Kansans for Life has made court reform a top pro-life priority and pushed hard to improve the nomination process of the state’s highest courts. We have achieved a new selection method for the appellate court (by statute) but not yet for the state supreme court (which requires a legislative super majority and statewide ballot).

We educated the public about anti-life judges before the 2010 and 2014 elections; although none were defeated, a significant dent was made in their retention margins.

Five of the seven supreme court justices and six of the fourteen appellate judges in Kansas are up for retention in 2016. Those who are so extreme as to ratify the invention of a state right to abortion in our pre-Civil War Constitution –at a time when abortion was illegal in every state—may very well be a little nervous about losing their seats on the bench.

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KDHEContrary to an editorial blast today from the Lawrence Journal World, and an Associated Press story last Friday, Kansas is not suffering a permanent loss of federal assistance for reproductive health services. Open record information requested by Kansans for Life shows:

that the state’s Title X funding exceeds what it was during the last year when Planned Parenthood was getting part of it under court order.

The Title X award for Kansas in fiscal year 2016 is $2,472,000, just slightly higher than its award of $2,471,250 in 2014.

First, a little background. Title X is federally-dispersed money designed to assist low income-qualifying women for non-abortion reproductive health services, including contraceptives and health screenings. In Kansas, Title X is distributed by the Kansas Department of Health & Environment (KDHE).

Any licensed physician can do the elementary exams and blood draws covered under Title X; it is certainly not anything for which Planned Parenthood is uniquely capable.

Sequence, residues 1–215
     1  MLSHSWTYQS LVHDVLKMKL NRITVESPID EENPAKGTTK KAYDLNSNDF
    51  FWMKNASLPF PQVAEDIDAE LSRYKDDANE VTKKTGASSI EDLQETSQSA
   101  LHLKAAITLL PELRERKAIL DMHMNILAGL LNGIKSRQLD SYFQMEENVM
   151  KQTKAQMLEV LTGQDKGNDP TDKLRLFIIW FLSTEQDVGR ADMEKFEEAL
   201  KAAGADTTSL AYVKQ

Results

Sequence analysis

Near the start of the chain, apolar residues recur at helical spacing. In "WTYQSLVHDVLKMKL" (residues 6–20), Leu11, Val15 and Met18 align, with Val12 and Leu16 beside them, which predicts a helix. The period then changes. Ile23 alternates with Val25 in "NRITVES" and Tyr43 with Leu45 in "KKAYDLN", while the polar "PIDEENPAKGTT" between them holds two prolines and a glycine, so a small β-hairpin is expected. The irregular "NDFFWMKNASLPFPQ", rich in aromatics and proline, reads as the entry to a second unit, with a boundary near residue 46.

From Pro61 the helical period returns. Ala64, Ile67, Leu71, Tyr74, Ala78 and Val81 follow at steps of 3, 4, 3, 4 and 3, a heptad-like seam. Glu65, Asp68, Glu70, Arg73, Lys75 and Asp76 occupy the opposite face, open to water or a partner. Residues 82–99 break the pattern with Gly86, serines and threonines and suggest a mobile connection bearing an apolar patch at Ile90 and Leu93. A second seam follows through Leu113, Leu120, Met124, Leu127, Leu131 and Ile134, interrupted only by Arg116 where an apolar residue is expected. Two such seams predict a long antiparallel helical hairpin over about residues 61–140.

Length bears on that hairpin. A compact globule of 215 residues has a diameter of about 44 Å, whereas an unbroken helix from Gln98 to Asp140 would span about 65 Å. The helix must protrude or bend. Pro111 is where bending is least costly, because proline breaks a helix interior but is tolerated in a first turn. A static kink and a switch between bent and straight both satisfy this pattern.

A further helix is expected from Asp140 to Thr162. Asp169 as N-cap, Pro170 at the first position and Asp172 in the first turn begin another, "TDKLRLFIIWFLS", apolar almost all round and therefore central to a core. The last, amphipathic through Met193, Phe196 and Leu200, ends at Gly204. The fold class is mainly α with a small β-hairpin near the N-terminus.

It also is good stewardship for the state to allocate financial support for medical facilities that provide the poor with the full range of well-woman care (not just gynecological services, but nutritional, cardio, mental health, etc.)– as well as pediatric and geriatric care for both sexes.

KANSAS PRIORITIZES FULL SERVICE
Since 2007, the Kansas legislature had tried to insure that full-service health entities, especially public clinics, received Title X funding.  To accomplish that goal, the legislature annually passed a budget instruction– called a proviso– which prioritized Title X grants to full-service medical facilities.

However, pro-abortion governors Sebelius and Parkinson annually vetoed that proviso so that Planned Parenthood would not be disqualified from accessing the Title X funds.

The proviso for prioritizing Title X grants was finally signed into law under pro-life Gov. Sam Brownback in 2011. Planned Parenthood then challenged it in federal court.

While litigation ensued, Judge Thomas Marten ordered that Title X funding be guaranteed, not only to the plaintiff (Planned Parenthood clinics in Wichita and Hays) but also to an  independent Dodge City Family Planning (DCFP) clinic!

That judge-ordered temporary payment to three financially-failing businesses is what the AP story references as a “$370,000.00 loss.” And despite this judicial “monetary lifeline”  to all three limited-service businesses (in violation of the proviso), the small DCFP clinic closed and both Planned Parenthood clinics remained deeply in the red.

KANSAS WINS CONTROL
In March of 2014, the Kansas Title X prioritization proviso was upheld as valid by the Tenth Circuit Court of Appeals. Planned Parenthood dropped their legal challenge and accepted that both clinics were no longer eligible for Title X in Kansas.

Subsequently, the 2015 Kansas Title X federal award was reduced by $229,950, a one time adjustment after the two Planned Parenthood clinics were removed from the Kansas grantee eligibility.

The 2016 Title X funding federal award, in effect as of July 1, exceeds the 2014 award. In other words, the current award is just above our state’s pre-litigation amount.